South Korea's corporate bond sales have contracted sharply in 2016 from last year due to large firms' sluggish capital spending and rising interest rates, data showed Wednesday.
Local companies floated 35.1 trillion won ($30.1 billion) worth of bonds between Jan. 1 and Tuesday, while issuing only 264 billion won this month, according to the data by the Korea Financial Investment Association.
Given the current pace, corporate debt sales for all of 2016 are unlikely to surpass the 40 trillion won mark as companies are unwilling to issue bonds amid concerns over a possible US rate hike this month.
Last year, corporate bond sales came to 45.4 trillion won, down slightly from the 46.5 trillion won registered a year earlier.
Analysts attributed this year's slumping bond sales largely to big businesses' reluctance to invest in new plants and equipment amid slumping economic growth.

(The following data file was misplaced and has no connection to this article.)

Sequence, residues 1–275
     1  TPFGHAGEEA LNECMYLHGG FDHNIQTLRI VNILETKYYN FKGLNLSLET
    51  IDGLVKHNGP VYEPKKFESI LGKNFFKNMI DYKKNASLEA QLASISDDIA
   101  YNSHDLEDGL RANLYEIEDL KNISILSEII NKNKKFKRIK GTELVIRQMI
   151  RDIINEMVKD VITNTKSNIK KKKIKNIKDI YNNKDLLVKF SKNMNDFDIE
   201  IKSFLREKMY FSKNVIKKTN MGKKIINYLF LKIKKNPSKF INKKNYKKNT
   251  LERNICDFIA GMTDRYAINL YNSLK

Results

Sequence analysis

"The main culprit was a marked decline in large companies' facility investment," said Kim Seon-ju, a researcher at NH Investment & Securities Co.
Sales of corporate bonds with ratings of AA or above came to 27.7 trillion won, well below last year's amount of 35 trillion won, while junk bond issues edged up to 2.5 trillion won.
Also responsible were rising market interest rates. The yield on three-year corporate bonds with AA- ratings soared to 2.51 percent Tuesday from 1.67 percent in late September. "Corporate bond sales began to atrophy from October on worries about rising interest rates," said Hwang Se-woon, a senior researcher at the Korea Capital Market Institute.
Most market watchers predict the amount of corporate bond sales for 2017 to be similar to this year's level or decline.
"The domestic corporate bond market will likely be influenced by the pace of US interest rate hikes next year," Hwang said.
Weak corporate bond sales come amid the country's sluggish economic growth. The government has forecast the economy to grow 2.8 percent this year, but most private and state think tanks have offered lower targets. (Yonhap)